27
Matching the Intervention to the Student Problem (Cont.) Matching the Intervention to the Student Problem (Cont.) Matching the Intervention to the Student Problem (Cont.)
Critical Item? Intervention Element Notes
? Cant Do/Wont Do Check. The teacher has determined whether the student problem is primarily a skill or knowledge deficit (cant do) or whether student motivation plays a main or supporting role in academic underperformance (wont do). If motivation appears to be a significant factor contributing to the problem, the intervention plan includes strategies to engage the student (e.g., high interest learning activities rewards/incentives increased student choice in academic assignments, etc.) (Skinner, Pappas Davis, 2005 Witt, VanDerHeyden Gilbertson, 2004).
28
Activity Matching the Intervention to the
Student Problem
  • Consider these critical aspects of academic
    intervention
  • Clear and specific problem-identification
    statement (Conditions, Problem Description,
    Typical/Expected Level of Performance).
  • Appropriate intervention target (e.g., selected
    intervention is appropriately matched to
    Acquisition, Fluency, Generalization, or
    Adaptation phase of Instructional Hierarchy).
  • Cant Do/Wont Do Check (Clarification of whether
    motivation plays a significant role in student
    academic underperformance).
  • What questions do you have about applying any of
    these concepts when planning classroom
    interventions?

29
Incorporating Effective Instructional Elements Incorporating Effective Instructional Elements Incorporating Effective Instructional Elements
These effective building blocks of instruction are well-known and well-supported by the research. They should be considered when selecting or creating any academic intervention. These effective building blocks of instruction are well-known and well-supported by the research. They should be considered when selecting or creating any academic intervention. These effective building blocks of instruction are well-known and well-supported by the research. They should be considered when selecting or creating any academic intervention.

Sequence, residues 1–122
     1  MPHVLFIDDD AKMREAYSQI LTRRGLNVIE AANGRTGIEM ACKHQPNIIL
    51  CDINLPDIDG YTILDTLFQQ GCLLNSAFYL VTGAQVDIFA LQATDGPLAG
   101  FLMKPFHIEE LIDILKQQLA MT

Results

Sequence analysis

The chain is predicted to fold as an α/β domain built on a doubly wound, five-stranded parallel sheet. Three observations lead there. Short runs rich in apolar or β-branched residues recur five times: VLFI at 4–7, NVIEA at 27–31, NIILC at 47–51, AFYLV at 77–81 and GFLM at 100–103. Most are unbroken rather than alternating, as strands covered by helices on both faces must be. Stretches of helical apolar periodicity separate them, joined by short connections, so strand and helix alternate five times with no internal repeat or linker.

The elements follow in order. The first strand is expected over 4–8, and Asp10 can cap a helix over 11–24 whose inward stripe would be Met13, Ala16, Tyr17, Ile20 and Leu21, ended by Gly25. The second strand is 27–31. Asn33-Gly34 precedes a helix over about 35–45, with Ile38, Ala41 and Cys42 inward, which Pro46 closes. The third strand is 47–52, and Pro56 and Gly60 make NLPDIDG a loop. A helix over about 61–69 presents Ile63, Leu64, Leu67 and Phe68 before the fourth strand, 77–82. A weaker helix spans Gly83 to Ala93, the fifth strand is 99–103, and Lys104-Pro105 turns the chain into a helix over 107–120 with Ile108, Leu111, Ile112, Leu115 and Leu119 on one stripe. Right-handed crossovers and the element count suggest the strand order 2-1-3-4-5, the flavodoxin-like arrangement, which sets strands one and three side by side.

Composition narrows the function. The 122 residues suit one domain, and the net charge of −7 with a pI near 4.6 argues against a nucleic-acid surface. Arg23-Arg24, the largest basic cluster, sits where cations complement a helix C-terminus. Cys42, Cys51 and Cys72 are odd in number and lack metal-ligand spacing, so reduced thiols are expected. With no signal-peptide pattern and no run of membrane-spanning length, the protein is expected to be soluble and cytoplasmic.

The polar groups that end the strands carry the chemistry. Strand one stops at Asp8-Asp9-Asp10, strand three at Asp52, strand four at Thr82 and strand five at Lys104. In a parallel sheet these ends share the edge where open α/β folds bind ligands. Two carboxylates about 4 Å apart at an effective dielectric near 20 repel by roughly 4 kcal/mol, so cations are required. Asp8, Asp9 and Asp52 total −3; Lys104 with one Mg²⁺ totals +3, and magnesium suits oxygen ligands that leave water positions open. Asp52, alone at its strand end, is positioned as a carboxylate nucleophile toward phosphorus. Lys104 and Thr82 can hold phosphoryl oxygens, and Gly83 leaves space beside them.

Critical Item? Intervention Element Notes
? Explicit Instruction. Student skills have been broken down into manageable and deliberately sequenced steps and the teacher provided overt strategies for students to learn and practice new skills (Burns, VanDerHeyden Boice, 2008, p.1153).
? Appropriate Level of Challenge. The student experienced sufficient success in the academic task(s) to shape learning in the desired direction as well as to maintain student motivation (Burns, VanDerHeyden Boice, 2008).
? Active Engagement. The intervention ensures that the student is engaged in active accurate responding (Skinner, Pappas Davis, 2005).at a rate frequent enough to capture student attention and to optimize effective learning.
? Performance Feedback. The student receives prompt performance feedback about the work completed (Burns, VanDerHeyden Boice, 2008).
? Maintenance of Academic Standards. If the intervention includes any accommodations to better support the struggling learner (e.g., preferential seating, breaking a longer assignment into smaller chunks), those accommodations do not substantially lower the academic standards against which the student is to be evaluated and are not likely to reduce the students rate of learning (Skinner, Pappas Davis, 2005).
30